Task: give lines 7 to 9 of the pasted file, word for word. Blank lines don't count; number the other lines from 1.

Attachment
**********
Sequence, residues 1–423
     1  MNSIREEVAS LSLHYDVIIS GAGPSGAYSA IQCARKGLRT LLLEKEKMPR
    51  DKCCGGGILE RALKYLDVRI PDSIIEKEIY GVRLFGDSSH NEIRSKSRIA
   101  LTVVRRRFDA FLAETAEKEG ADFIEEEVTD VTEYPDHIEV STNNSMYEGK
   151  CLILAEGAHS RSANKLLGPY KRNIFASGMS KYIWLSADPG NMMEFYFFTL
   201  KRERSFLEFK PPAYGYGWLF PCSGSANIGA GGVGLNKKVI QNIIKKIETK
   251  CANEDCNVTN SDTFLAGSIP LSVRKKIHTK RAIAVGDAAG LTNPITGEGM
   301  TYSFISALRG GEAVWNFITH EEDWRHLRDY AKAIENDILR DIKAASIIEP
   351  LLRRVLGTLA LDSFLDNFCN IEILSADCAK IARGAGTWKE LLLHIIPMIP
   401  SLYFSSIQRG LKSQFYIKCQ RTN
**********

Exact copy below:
   251  CANEDCNVTN SDTFLAGSIP LSVRKKIHTK RAIAVGDAAG LTNPITGEGM
   301  TYSFISALRG GEAVWNFITH EEDWRHLRDY AKAIENDILR DIKAASIIEP
   351  LLRRVLGTLA LDSFLDNFCN IEILSADCAK IARGAGTWKE LLLHIIPMIP